Groove Alchemy Book reviewed at Mike Dolbear.com
Groove Alchemy was recently reviewed over at MikeDolbear.com.
“A groove is often described as what happens when two or more people lock into each other and the music at hand in a way that transcends just playing the notes. A good groove can make a whole room full of people suddenly want to move.”(Page 7)
So if you analyze this definition the groove cannot be quantized or created in a laboratory. It is something that involves feelings and creativity.
So the question is: can you learn and practice the essence of groove? According to Stanton the answer is YES !!
He proves that if you follow his program you can learn from the roots of funk drumming in order then to create new grooves using your creativity.
Groove is alchemy and with Stanton”s microscope you can see, listen and practice in depth the great grooves of the James Brown drummers and in particular John ”Jabo” Starks and Clyde Stubblefield and the great Zigaboo Modeliste, drummer of the funk super group The Meters.
In the chapter “Playing in-between the cracks” Stanton explains very clearly the fact that most of the great funk grooves are not played as straight sixteen notes or triplet but rather something in between. This is an important aspect in order to gain control and to play with the right approach.
The next section, “Getting creative”, is probably the most important because it shows how to take the previous grooves and make them yours with simple but effective variations.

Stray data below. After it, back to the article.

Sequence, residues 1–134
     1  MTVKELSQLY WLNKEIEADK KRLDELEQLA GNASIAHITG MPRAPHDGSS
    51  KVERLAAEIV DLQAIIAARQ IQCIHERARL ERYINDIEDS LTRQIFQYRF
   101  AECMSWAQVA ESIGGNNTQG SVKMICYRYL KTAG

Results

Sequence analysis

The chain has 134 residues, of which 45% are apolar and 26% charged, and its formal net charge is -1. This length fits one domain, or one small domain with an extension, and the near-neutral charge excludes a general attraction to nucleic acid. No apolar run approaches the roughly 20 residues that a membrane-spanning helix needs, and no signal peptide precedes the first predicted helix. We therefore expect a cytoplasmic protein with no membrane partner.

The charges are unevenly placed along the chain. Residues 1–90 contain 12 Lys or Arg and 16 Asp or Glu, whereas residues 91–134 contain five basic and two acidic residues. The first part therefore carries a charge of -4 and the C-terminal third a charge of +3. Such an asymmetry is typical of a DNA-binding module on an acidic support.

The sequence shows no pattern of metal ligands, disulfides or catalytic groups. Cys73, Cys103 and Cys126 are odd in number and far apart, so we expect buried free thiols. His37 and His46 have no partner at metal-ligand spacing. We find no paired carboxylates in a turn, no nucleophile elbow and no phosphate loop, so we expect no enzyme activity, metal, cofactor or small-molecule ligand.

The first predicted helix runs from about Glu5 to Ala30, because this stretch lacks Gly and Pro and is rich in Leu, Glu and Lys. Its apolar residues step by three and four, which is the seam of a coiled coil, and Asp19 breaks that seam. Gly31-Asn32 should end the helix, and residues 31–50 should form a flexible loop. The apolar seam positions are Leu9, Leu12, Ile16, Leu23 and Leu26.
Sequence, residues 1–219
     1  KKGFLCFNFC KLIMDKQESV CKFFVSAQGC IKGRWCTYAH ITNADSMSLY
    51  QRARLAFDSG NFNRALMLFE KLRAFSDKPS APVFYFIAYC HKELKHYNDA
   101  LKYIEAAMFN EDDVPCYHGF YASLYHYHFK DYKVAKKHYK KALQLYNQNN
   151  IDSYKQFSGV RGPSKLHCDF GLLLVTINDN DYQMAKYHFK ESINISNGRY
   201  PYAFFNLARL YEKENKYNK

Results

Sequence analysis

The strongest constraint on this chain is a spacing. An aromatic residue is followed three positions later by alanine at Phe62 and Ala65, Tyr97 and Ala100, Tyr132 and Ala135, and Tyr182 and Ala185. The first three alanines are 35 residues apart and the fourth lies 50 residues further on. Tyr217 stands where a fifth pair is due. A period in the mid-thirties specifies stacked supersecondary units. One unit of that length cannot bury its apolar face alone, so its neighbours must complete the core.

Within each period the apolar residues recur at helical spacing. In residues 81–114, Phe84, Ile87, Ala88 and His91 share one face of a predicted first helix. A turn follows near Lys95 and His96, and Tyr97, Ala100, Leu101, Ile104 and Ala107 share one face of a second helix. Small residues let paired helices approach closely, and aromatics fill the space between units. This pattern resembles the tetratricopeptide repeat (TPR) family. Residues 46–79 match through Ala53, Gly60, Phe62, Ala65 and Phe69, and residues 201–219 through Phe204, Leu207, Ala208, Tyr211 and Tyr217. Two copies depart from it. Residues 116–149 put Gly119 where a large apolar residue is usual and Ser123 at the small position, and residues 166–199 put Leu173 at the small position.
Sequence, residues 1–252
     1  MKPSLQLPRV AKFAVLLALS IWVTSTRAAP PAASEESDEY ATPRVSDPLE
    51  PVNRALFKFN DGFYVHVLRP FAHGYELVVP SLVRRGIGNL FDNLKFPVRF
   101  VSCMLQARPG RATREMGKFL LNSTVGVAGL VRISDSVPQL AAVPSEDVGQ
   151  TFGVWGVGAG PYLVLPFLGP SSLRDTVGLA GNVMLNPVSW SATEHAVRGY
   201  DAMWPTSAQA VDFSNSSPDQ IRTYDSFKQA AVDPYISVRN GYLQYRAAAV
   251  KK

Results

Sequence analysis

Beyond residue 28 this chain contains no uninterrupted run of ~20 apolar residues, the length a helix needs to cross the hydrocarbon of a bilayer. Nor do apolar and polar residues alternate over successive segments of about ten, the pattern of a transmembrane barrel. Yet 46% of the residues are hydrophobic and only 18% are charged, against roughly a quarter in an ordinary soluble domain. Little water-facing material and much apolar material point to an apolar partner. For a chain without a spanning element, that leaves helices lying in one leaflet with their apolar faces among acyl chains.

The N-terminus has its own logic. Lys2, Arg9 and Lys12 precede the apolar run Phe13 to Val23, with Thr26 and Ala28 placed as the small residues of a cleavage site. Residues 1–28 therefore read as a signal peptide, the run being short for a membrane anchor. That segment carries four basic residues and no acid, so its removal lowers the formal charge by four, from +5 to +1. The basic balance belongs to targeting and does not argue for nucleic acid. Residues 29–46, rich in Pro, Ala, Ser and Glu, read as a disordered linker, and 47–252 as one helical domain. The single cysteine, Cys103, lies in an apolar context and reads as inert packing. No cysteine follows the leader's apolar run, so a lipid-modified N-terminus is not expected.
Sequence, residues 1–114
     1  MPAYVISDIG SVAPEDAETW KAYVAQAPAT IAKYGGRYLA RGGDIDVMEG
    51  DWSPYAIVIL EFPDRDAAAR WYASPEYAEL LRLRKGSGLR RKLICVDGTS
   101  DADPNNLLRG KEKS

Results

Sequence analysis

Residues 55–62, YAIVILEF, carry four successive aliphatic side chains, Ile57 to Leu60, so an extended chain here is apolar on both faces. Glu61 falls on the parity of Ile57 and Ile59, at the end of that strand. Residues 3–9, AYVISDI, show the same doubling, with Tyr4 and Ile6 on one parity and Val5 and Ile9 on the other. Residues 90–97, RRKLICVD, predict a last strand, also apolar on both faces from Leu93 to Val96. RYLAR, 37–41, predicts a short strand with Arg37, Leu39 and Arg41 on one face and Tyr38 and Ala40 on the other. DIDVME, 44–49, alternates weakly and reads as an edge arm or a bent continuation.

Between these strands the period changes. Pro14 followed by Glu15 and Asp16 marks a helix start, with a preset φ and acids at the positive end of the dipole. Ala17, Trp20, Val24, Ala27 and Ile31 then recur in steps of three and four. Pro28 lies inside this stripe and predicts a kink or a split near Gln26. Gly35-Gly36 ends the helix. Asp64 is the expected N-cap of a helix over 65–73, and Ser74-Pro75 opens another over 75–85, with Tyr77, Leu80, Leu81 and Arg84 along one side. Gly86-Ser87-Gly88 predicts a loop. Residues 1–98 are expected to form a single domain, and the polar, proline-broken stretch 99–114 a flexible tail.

After many and useful examples Stanton demonstrates the role of the clave in the New Orleans second line and funk drumming literature again with useful demonstrations in 4/4 and odd time signatures.
The chapter “Swing/Shuffles” is all about swing grooves with a brief history of the ride cymbal pattern. Stanton explains that
“A lot of the drummers that we consider to be the greatest groove players-Earl Palmer, Zigaboo Modeliste, John Bonham, Steve Jordan, John Jabo Starks- grew up hearing jazz and music that swung. They were all raised on Big Band jazz, bebop, blues, rhythm and blues, early rock”n”roll-all music based on swing. To be able to really groove, I think it”s important to be able to swing. With swing, it”s not enough to just play the notes. You have to make the notes feel good and groove.”(Page 96)
The last chapter is about backbeats. Stanton again starts with a brief history and with his magic magnifier he highlights the importance of placement and chatter notes.
As a bonus at the end of the book the author included rhythm charts for the four play-along tracks performed by Stanton”s trio with Will Bernard on guitar and Robert Walter on Hammond organ.
The book comes with a CD with 603 mp3 audio tracks that includes all the examples notated plus the last four songs with and without drums.
Groove Alchemy is an enthusiastic, powerful project assembled by Stanton Moore not only for its historical value but mostly for a very creative approach that allows the student to improve groove and creativity.
It is a must have for every serious drummer.